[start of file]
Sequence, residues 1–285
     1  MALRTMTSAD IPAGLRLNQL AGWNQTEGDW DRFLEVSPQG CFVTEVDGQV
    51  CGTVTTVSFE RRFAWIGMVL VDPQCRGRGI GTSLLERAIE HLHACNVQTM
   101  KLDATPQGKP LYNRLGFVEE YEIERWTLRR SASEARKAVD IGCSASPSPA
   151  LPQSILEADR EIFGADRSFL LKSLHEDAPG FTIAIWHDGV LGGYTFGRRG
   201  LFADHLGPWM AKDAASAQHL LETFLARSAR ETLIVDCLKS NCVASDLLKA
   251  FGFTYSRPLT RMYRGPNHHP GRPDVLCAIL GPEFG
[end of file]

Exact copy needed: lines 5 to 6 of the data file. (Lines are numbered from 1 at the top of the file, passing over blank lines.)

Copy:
   151  LPQSILEADR EIFGADRSFL LKSLHEDAPG FTIAIWHDGV LGGYTFGRRG
   201  LFADHLGPWM AKDAASAQHL LETFLARSAR ETLIVDCLKS NCVASDLLKA